Seminar #26 Research Launch and panel discussion: Mobile and Social – Enriching the lives of older and disabled people in Leigh


When planning our towns and cities, older and disabled people are often overlooked. This means it is all the more important to understand their experiences and take them into account when creating neighbourhood schemes. We’re sharing the results of our in-depth qualitative research on living in, socialising in, and getting around the Greater Manchester town of Leigh.

We presented our findings and insights across the three phases of our research, drawing together common threads for discussion and reflecting on the implications for urban policies across Greater Manchester.

You can find the final report here.


Our expert panel provided important context to our research, with Dr Sophie Yarker (University of Manchester) providing insights into social infrastructure and Dr Richard Nickson (TfGM) reflecting on the report and how it develops our understanding of how transport relates to placemaking and sociability. Following the presentations, our panel took part in a busy Q&A with questions from our online and in-person audiences. Below you’ll find a video of each presentation, and the Q&A. Slides from the Sophie, Graeme and Ian are included below their clips.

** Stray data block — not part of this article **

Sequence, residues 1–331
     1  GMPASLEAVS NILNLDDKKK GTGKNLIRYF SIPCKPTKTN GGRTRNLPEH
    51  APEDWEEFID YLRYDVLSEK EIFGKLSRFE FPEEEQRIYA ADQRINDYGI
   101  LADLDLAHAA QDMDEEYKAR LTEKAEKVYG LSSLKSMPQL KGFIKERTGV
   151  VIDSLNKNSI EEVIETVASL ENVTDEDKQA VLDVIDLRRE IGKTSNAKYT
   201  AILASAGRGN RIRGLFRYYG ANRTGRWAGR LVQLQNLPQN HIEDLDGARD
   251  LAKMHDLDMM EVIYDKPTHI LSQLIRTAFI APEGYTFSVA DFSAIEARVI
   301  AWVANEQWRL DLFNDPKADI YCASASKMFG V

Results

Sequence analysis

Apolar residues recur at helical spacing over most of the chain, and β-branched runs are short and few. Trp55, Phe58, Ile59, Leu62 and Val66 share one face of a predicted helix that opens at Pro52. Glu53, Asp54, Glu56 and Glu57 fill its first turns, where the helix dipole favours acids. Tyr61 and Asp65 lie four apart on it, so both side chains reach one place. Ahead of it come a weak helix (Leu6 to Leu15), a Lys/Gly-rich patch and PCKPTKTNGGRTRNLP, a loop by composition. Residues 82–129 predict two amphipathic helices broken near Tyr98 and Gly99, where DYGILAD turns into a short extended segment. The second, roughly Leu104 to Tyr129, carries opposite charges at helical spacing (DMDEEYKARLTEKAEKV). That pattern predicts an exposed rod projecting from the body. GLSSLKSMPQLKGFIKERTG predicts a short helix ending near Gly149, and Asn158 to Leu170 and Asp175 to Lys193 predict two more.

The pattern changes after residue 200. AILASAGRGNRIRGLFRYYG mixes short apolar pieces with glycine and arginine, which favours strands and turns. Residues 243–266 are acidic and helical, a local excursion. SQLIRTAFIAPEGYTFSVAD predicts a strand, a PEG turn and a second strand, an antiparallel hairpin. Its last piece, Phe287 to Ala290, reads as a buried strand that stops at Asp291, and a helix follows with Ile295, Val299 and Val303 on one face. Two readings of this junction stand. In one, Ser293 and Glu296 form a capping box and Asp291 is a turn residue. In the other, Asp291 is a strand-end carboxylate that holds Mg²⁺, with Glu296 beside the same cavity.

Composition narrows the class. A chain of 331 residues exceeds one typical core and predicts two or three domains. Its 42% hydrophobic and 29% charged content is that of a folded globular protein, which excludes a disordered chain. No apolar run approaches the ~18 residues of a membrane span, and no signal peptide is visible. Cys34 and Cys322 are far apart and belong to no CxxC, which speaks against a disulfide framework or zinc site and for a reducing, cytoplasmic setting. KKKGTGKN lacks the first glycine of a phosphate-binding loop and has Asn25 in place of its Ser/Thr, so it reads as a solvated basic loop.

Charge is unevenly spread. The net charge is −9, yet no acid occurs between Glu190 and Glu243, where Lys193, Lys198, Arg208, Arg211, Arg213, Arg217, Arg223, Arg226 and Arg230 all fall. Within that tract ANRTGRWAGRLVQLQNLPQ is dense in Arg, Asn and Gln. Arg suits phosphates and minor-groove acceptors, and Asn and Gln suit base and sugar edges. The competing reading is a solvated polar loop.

Dr Sophie Yarker | Research Fellow in Sociology (University of Manchester)

With the help of the Chorlton tram cat “Batman”, Sophie explored what social infrastructure is, the different types of social connections, and the importance of these in the daily lives of older and disabled people.

View slides as PDF

Dr Graeme Sherriff | Reader (University of Salford)
Ian Cookson | Researcher (University of Salford)

Graeme and Ian presented the findings and recommendations from their research, conducted in Leigh (Greater Manchester), exploring the mobility patterns and social needs of older and disabled people.

View slides as PDF

Dr Richard Nickson | Programme Director (Transport for Greater Manchester)

Richard reflected on the report, and while noting tensions in some potential solutions, saw the benefit in focussing on placemaking, and how large organisations need to “sweat the detail” in how transport contributes to making places for people to live healthy active lives.


Chair: Professor Muzammil Quraishi PhD
Professor Quraishi is a professor of Criminology & Criminal Justice at the University of Salford

Chaired by Professor Quraishi, our panel took questions from our audiences, both online and in-person on the report findings and their implications. Common themes included tensions in potential solutions, and the relationship between these solutions and creating an equitable transport system.

Other seminars in this series

Seminars – Healthy Active Cities – Healthy Active Cities